Alphonso Blackwell is a sophomore majoring in media and cinema arts and minoring in journalism. He is a founding member and the president of social-service club PAK, a student-athlete on the AU football team and a commentator for the men’s and women’s basketball teams.
Q: What is the story of why you decided to come to AU?
A: It was actually a last-minute thing. I was going to go to a bigger school like Ball State or Indiana University like my sister goes to, but I was recruited to play football here, so I ended up changing my mind. I’m glad I made that decision.
Q: What do you think you’re getting from AU that you wouldn’t be able to get at a state school?
A: Very personal classes; we don’t have a whole lot of big classes. It feels homey. There are a lot of people that you can get along with, and it feels very connected.
Q: What passion do you have within your major field?
A: I want to be a sports anchor. I love sports; I love dealing with athletes. I definitely want to be in sports broadcasting.
Q: What is it like to try to balance football and PAK and your studies?
A: At first it was a challenge, but as the year goes on I’ve gotten accustomed to it and I can balance everything now.
Q: You started PAK as a freshman—Could you tell me about why you wanted to start PAK?
A: I wanted to start a social-service club because I felt that the other social clubs didn’t really fit what I was looking for, and some of my friends, we just thought ‘this is not really for me,’ so I wanted to start one for us, for the athletes and multicultural students who don’t have time to actually join the other social clubs. In [PAK] we’re very flexible with timing, and we’re mostly all athletes, which is a big thing, and we’re not super strict when it comes to set times. If we want to have a meeting, we ask what’s best for everyone. We’re very inclusive.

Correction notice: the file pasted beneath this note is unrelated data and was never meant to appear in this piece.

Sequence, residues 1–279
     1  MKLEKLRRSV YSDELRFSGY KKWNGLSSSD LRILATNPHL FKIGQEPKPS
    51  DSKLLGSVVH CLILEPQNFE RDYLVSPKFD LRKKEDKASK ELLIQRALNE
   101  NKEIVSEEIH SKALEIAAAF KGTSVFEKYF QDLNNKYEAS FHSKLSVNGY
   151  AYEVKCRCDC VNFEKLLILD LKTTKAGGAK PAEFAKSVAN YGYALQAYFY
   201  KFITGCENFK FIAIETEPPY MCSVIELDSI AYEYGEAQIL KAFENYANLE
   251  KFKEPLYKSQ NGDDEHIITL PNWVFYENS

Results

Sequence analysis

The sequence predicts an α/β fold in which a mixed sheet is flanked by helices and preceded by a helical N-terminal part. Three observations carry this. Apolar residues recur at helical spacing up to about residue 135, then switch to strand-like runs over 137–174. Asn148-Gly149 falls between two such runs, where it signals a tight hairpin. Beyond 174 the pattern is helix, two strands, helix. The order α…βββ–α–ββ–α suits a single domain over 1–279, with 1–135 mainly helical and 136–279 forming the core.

Q: As the leader of your club, how have you developed an intentional community?
A: I just try to really see what they want. Being the president, I know I’m the face, but it’s not all about me. I really try to get the guys’ opinions and see what they want to do, and how they feel about this or that. I never make a big decision without their say-so. It’s really a huge democracy in the group.
Q: You seem very humble about your accomplishments. Where would you say that humility comes from for you?
A: Probably from back at home. I never want to be a show-off or anything like that. I don’t like to brag about accomplishments when I know I can do more. I know I can further my club and have a bigger impact with humility. I just like to keep going, while always trying to improve. There’s always room for improvement, no matter what.
Q: Mike Thigpen is PAK’s supervisor. How has it been to work with him and have him advise you with the club?
A: He’s been huge. He’s been the reason why, when times were hard and it seemed like we couldn’t do it, he has always been there through the process, through recruitment and just getting it started. He’s a very important part of our group. Without him, we probably wouldn’t even be PAK. That’s why I’m so grateful he decided to stick with us, because he didn’t have to do this. It’s not a paid position. We’re very grateful to have him.